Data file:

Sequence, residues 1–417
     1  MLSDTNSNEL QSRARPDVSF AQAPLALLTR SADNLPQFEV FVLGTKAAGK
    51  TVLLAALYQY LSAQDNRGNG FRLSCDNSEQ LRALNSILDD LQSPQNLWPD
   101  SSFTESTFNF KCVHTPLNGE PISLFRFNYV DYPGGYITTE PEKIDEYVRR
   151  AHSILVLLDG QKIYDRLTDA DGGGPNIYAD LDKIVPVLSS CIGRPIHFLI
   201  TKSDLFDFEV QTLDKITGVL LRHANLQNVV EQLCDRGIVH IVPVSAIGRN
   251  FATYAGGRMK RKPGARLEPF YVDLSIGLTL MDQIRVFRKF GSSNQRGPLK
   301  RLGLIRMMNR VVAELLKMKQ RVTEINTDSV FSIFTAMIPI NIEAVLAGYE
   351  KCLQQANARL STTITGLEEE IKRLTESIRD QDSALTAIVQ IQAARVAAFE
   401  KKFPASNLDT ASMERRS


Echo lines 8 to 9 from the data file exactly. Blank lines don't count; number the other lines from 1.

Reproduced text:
   301  RLGLIRMMNR VVAELLKMKQ RVTEINTDSV FSIFTAMIPI NIEAVLAGYE
   351  KCLQQANARL STTITGLEEE IKRLTESIRD QDSALTAIVQ IQAARVAAFE